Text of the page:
A sign for the “Yes on D” campaign in the window of the Measure D election headquarters in Berkeley, California November 3, 2014. REUTERS/Robert Galbraith
January 31, 2019: The Case Is Being Sent Back To The Lower Courts

San Francisco’s ordinance that required a health warning to occupy 20% of space on advertisements for sugar-sweetened beverages violated the First Amendment, the U.S. Court Of Appeals For the Ninth Circuit ruled.

The ordinance was established in 2015, and required advertisements for sugary drinks to include a warning that occupied 20% of the ad space to read: “WARNING: Drinking beverages with added sugar(s) contributes to obesity, diabetes, and tooth decay.” A judge froze the ordinance while it was being considered by the courts.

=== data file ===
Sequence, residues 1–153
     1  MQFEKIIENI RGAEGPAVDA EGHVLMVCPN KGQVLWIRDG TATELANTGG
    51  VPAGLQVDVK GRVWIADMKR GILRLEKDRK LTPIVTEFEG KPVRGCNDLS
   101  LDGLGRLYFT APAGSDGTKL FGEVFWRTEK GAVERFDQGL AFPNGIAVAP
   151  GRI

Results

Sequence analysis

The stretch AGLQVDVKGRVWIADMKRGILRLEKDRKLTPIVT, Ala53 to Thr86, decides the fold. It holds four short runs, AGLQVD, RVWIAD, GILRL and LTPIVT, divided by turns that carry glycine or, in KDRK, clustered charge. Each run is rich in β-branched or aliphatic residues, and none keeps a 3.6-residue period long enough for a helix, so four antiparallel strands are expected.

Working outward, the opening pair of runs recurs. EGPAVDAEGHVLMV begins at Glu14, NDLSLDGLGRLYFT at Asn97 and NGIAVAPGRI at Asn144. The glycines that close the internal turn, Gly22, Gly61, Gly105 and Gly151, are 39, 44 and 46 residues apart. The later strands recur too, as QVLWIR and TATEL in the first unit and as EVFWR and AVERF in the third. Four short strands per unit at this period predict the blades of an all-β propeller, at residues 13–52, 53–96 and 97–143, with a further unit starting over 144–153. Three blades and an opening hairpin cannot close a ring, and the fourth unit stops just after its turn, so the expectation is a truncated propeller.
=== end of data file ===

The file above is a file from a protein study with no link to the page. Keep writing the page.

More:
The judges said that the required warnings “offend Plaintiffs’ First Amendment rights by chilling protected speech,” and that the city’s argument for the size requirement was not justified when “balanced against its likely burden on free speech.”

The appeals judges granted a preliminary injunction and sent the case back to a lower court.

NPR CBS KPIX Fortune Appeals Court Decision